A headline in the South Florida Sun Sentinel newspaper summed it up: “Insurance companies will get more out of us this storm season.”
Other Florida difficulties
But that’s just one part of the story. As Crist stated in his prayer, Florida “has other difficulties”. State regulators say perverse laws allowing contractors and attorneys to cut insurers out for three times the true value of insurance claims in some areas have created a legal loophole. And it threatens to flood them even in years when there are no storms.
Let’s look at the hurricane problem first. Crist’s plaintive plea was answered positively for almost 10 years after 2007. Then Hurricane Irma roared through in 2017, followed by Michael the next year, which caused $ 30 billion in damage.
Because of the insurance policy rules that allow Florida policyholders up to three years to make a claim, it took more than a year for what insurers call “loss creep” to catch up.
Applications to increase the insurance rate for Florida homeowners filed with the state insurance department last fall poured in and regulators couldn’t deny them. Florida insurers posted a profit of nearly $ 800 million in 2014, down from a net loss of $ 340 million in 2019, according to Citizens CEO Barry Gilway.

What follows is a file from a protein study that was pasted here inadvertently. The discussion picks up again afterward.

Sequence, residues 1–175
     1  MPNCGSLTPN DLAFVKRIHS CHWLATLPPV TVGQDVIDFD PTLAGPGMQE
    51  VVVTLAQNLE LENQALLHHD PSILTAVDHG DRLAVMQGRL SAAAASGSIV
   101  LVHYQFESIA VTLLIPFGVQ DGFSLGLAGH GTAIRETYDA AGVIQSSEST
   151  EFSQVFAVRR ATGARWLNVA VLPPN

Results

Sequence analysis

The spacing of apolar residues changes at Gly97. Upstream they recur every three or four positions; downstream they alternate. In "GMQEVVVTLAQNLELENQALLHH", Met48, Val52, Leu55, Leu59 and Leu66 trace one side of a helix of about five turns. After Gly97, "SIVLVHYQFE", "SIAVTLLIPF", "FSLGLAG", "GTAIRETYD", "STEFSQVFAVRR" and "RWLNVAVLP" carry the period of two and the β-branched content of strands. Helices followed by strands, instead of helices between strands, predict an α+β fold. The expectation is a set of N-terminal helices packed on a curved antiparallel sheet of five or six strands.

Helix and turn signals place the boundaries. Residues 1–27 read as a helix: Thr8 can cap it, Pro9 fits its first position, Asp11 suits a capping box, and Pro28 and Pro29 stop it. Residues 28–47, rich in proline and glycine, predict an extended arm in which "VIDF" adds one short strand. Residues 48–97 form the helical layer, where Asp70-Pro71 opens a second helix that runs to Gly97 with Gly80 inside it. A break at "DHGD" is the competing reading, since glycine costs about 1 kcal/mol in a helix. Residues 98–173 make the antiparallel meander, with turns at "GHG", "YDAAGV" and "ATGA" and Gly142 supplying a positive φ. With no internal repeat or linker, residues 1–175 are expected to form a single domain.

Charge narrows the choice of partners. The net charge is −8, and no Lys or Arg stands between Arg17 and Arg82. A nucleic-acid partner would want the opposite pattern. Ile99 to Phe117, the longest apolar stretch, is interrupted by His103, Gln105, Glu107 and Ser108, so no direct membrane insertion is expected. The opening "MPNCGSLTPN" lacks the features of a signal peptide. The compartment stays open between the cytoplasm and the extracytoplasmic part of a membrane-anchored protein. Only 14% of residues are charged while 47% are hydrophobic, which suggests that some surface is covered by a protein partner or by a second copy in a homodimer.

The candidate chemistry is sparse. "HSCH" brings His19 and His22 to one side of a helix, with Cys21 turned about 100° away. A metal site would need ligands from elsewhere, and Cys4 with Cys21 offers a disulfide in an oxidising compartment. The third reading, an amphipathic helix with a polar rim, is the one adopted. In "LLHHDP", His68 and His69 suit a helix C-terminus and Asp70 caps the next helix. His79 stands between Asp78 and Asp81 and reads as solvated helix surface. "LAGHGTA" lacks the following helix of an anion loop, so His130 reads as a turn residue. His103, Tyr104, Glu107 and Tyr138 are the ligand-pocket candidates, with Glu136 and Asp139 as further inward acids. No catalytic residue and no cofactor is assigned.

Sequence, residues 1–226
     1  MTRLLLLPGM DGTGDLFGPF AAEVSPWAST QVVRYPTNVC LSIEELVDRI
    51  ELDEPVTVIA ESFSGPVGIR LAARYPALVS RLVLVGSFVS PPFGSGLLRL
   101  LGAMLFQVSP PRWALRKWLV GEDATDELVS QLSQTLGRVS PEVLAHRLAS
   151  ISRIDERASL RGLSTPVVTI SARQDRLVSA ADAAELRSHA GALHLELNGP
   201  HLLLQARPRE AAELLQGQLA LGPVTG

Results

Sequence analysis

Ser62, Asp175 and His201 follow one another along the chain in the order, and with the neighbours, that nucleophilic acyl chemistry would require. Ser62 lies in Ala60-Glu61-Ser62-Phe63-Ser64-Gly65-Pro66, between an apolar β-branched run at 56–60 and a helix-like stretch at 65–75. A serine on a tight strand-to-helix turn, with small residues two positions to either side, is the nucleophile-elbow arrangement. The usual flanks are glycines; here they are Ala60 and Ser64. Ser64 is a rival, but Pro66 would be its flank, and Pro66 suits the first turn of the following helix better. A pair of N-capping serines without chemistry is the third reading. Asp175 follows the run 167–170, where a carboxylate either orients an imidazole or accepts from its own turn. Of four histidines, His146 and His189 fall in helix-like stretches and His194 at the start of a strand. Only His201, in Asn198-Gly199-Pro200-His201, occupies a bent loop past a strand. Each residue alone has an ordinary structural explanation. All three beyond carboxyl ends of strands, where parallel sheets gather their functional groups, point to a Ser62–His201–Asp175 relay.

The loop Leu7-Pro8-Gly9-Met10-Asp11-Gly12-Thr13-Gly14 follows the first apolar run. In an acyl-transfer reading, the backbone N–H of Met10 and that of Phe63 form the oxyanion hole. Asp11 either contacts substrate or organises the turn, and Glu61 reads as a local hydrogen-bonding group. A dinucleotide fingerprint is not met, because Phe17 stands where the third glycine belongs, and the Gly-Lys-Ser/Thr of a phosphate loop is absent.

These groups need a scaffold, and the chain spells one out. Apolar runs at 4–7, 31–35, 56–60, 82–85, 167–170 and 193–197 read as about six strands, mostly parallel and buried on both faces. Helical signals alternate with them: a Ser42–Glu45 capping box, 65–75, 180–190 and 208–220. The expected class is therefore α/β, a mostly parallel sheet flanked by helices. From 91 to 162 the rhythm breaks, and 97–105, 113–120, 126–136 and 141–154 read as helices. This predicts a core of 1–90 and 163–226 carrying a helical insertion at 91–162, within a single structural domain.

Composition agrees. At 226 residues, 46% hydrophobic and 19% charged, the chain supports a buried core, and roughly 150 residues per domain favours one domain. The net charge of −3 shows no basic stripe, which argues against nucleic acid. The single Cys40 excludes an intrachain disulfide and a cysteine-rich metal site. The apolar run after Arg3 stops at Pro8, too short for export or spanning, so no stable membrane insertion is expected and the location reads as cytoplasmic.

Non-renewal indications are flooding the market
Then came non-renewal notifications for the most vulnerable homeowners in Florida.
Many insurance agents with customers whose insurance coverage was terminated sought replacements. According to the National Association of Insurance Commissioners, Florida property owners with coverage of $ 300,000 to $ 399,999 pay an average of $ 2,350, compared to the national average of $ 1,252 for the same amount of insurance.
“It’s also important to know that most homeowner insurance policies don’t include flood insurance,” warns State Insurance Commissioner David Altmaier. Flood insurance can easily add an additional $ 1,500 to the bill, according to quotes from websites that sell them.
And some homeowners may not be able to get any insurance at all except from the state.